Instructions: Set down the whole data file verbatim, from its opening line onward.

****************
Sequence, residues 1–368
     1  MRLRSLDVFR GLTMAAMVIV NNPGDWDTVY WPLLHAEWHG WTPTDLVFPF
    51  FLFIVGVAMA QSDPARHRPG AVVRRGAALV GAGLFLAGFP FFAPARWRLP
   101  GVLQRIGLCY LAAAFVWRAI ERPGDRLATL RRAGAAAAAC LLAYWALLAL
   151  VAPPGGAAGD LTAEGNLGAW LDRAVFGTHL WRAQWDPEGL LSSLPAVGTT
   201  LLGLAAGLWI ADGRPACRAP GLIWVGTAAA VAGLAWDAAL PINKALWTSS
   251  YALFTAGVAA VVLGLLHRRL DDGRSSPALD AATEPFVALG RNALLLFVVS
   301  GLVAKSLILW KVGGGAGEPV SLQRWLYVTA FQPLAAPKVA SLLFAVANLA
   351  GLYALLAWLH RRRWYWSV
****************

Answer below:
Sequence, residues 1–368
     1  MRLRSLDVFR GLTMAAMVIV NNPGDWDTVY WPLLHAEWHG WTPTDLVFPF
    51  FLFIVGVAMA QSDPARHRPG AVVRRGAALV GAGLFLAGFP FFAPARWRLP
   101  GVLQRIGLCY LAAAFVWRAI ERPGDRLATL RRAGAAAAAC LLAYWALLAL
   151  VAPPGGAAGD LTAEGNLGAW LDRAVFGTHL WRAQWDPEGL LSSLPAVGTT
   201  LLGLAAGLWI ADGRPACRAP GLIWVGTAAA VAGLAWDAAL PINKALWTSS
   251  YALFTAGVAA VVLGLLHRRL DDGRSSPALD AATEPFVALG RNALLLFVVS
   301  GLVAKSLILW KVGGGAGEPV SLQRWLYVTA FQPLAAPKVA SLLFAVANLA
   351  GLYALLAWLH RRRWYWSV